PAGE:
Turkish Banker Gets 32-Month Sentence in Iran Sanctions Case

Mehmet Hakan Atilla

Mehmet Hakan Atilla

Today, Hakan Atilla, a Turkish banker, will be sentenced for helping Iran evade sanctions.

Mehmet Hakan Atilla, 47, deputy chief executive of Turkish lender Halkbank, was convicted by a NY jury on January 3 on five counts of bank fraud and conspiracy.

Mehmet Hakan Atilla, a senior executive at state-run Halkbank in Turkey, faced charges of co-conspiring along with Turkish-Iranian gold trader Reza Zarrab to bust US sanctions through a complex scheme at the bank.

The judge said Atilla falsely testified at his trial on some matters but was unlikely to commit any new crimes, earned no profits directly from the fraud and had a role in the multi-year scheme that was less than many others. He was acquitted on one count of money laundering.

Atilla, who worked as a deputy general manager at Halkbank, has already spent 14 months in jail.

Prosecutors had sought a sentence of about 20 years for Atilla. He simply tried to downplay his role in the fake food scheme and refused to have meetings with USA officials.

The case has strained already tense relations between Turkey and the U.S. Erdogan told Bloomberg that "if Hakan Atilla is going to be declared a criminal, that would be nearly equivalent to declaring the Turkish Republic a criminal".

Atilla was found guilty on January 3 of conspiring to violate USA sanctions law.

Watched intensely from NY to Istanbul, the proceedings ended with a likewise extraordinary 32-month sentence, a prison term lower than what prosecutors or even defense attorneys requested.

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Lawyers for Atilla said they would nonetheless appeal.

Judge Berman noted the feverish pitch of some observers of Atilla's trial, particularly in Turkey, when he promised to make a transcript of the sentencing available to the public later Wednesday.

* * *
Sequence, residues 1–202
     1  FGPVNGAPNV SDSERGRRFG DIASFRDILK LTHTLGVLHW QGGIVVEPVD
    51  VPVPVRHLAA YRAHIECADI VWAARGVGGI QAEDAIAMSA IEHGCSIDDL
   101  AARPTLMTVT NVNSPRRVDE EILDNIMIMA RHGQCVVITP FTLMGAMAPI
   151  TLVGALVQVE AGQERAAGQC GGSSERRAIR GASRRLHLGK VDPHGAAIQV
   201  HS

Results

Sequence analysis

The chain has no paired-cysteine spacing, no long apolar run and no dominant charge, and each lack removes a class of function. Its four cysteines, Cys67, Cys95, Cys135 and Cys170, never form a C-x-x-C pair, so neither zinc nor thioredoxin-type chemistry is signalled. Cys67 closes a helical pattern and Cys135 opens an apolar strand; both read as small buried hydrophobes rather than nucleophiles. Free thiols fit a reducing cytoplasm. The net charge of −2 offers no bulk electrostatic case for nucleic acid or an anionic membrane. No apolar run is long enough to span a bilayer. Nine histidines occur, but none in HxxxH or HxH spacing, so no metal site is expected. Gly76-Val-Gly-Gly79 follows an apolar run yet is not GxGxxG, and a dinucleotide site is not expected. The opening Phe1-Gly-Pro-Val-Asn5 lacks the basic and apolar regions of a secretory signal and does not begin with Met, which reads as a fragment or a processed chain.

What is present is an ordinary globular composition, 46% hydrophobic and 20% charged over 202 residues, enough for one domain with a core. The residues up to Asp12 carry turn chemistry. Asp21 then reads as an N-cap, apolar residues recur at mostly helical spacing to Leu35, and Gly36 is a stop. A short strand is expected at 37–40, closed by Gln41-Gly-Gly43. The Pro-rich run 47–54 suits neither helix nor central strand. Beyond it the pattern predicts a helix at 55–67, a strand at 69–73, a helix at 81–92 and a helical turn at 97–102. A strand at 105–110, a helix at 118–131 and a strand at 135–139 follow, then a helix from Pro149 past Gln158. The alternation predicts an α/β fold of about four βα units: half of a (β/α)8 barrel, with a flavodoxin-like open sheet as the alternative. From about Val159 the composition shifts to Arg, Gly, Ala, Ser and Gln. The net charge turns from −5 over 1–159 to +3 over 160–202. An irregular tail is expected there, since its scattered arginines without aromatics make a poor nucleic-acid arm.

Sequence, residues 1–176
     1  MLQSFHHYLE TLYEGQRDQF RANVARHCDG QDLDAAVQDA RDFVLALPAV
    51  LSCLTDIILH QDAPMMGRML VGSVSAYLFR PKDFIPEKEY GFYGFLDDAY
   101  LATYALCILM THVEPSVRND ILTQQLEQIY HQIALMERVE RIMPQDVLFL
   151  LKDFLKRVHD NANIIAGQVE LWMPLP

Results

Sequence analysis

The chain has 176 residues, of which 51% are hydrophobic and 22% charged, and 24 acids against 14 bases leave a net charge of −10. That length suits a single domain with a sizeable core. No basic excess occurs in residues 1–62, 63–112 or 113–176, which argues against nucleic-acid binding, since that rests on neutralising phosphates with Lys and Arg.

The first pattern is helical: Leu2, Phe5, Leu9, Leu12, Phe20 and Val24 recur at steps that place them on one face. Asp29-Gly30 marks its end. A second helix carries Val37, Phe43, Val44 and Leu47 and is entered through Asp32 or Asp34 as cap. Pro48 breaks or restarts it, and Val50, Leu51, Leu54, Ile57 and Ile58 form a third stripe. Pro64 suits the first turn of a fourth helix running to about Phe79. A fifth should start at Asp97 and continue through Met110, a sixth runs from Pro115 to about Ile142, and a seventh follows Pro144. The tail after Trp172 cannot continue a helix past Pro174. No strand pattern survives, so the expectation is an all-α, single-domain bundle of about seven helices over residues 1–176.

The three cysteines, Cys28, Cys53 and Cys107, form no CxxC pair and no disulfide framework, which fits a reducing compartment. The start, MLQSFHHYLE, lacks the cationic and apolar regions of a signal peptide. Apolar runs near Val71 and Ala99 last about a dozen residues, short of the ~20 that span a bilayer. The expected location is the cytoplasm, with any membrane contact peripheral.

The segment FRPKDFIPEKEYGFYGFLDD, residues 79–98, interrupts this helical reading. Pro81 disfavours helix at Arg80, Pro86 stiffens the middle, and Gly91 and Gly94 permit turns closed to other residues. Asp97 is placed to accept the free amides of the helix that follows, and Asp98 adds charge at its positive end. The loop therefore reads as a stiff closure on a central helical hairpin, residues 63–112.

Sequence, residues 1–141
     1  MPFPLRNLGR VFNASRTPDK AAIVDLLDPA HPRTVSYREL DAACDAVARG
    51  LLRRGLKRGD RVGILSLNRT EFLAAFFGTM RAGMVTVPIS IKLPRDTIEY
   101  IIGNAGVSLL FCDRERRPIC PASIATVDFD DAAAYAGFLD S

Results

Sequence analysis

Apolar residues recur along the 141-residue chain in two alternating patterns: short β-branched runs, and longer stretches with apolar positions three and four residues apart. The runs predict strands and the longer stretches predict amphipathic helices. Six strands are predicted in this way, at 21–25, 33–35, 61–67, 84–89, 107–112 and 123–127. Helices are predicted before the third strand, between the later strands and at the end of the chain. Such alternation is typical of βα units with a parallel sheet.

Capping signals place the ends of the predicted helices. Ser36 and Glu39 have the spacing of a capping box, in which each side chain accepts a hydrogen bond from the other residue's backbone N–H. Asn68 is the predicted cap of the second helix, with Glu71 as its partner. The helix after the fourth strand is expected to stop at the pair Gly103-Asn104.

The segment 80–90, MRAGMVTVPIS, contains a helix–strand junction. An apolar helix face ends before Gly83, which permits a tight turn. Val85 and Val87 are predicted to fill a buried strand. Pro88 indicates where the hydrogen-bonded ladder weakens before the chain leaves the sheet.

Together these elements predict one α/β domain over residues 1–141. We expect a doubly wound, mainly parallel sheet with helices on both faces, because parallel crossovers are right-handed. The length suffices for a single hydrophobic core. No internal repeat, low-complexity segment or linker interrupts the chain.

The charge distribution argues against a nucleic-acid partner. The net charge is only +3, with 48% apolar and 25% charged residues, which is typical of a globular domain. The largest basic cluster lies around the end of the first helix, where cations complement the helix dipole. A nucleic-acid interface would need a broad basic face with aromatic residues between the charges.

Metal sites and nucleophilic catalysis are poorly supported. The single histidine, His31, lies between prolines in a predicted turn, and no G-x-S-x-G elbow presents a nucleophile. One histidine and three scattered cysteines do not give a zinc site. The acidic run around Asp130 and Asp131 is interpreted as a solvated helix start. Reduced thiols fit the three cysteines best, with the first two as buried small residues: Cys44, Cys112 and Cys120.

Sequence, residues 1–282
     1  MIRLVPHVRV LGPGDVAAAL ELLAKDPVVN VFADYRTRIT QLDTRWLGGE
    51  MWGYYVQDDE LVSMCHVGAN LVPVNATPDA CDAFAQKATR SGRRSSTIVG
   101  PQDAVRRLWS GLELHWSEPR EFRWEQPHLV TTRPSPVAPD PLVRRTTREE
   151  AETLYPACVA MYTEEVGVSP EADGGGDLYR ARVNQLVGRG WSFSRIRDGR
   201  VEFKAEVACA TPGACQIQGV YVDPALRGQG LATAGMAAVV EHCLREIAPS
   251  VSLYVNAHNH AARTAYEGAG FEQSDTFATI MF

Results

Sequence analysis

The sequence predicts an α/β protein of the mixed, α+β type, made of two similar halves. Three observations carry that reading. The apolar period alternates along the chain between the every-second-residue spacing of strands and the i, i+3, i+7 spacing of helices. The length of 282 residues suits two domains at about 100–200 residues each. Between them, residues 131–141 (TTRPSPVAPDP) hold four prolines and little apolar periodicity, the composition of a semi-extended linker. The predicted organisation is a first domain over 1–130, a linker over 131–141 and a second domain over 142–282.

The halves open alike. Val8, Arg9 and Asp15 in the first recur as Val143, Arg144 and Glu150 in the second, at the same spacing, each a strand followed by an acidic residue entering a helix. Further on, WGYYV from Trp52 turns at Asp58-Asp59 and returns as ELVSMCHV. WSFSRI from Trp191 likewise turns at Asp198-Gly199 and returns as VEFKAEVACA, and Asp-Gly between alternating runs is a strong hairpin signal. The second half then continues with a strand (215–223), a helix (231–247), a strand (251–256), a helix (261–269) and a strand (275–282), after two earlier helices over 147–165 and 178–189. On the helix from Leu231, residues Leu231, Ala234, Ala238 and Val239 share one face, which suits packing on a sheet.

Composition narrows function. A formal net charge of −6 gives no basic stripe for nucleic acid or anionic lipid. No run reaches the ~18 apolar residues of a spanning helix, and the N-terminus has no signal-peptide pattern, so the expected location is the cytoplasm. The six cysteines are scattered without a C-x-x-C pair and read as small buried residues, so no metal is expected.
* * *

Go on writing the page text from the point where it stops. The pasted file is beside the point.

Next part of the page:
"If Hakan Atilla is going to be declared a criminal, that would be nearly equivalent to declaring the Turkish Republic a criminal", Erdogan said. Then, weeks before trial past year, he agreed to cooperate.

The judge said he thought that a life sentence would not be appropriate. He demanded Atilla be sent to his family and his country.

In testimony that made a big splash in Turkey, Zarrab said he made $100 million to $150 million from the scheme and detailed corruption implicating Erdogan and his ministers, while Atilla's lawyers said he was a "pawn" being used to stage a show trial in absentia of Erdogan's government.

Atilla's sentencing was postponed twice and previously, prosecutors asked a federal judge to sentence him to at least 15 years in prison and a fine of $50,000- $500,000.

A month later, a NY judge turned down a request by Atilla to acquit him of all charges due to lack of evidence, saying there was "sufficient evidence" to support the charges.

His conviction hinged on the testimony of Turkish-Iranian gold trader Reza Zarrab, who was arrested by United States authorities in 2016 after getting to Florida with his wife and child on a family holiday to Disney World. "I ask you to understand the position I and my family are in", he said.

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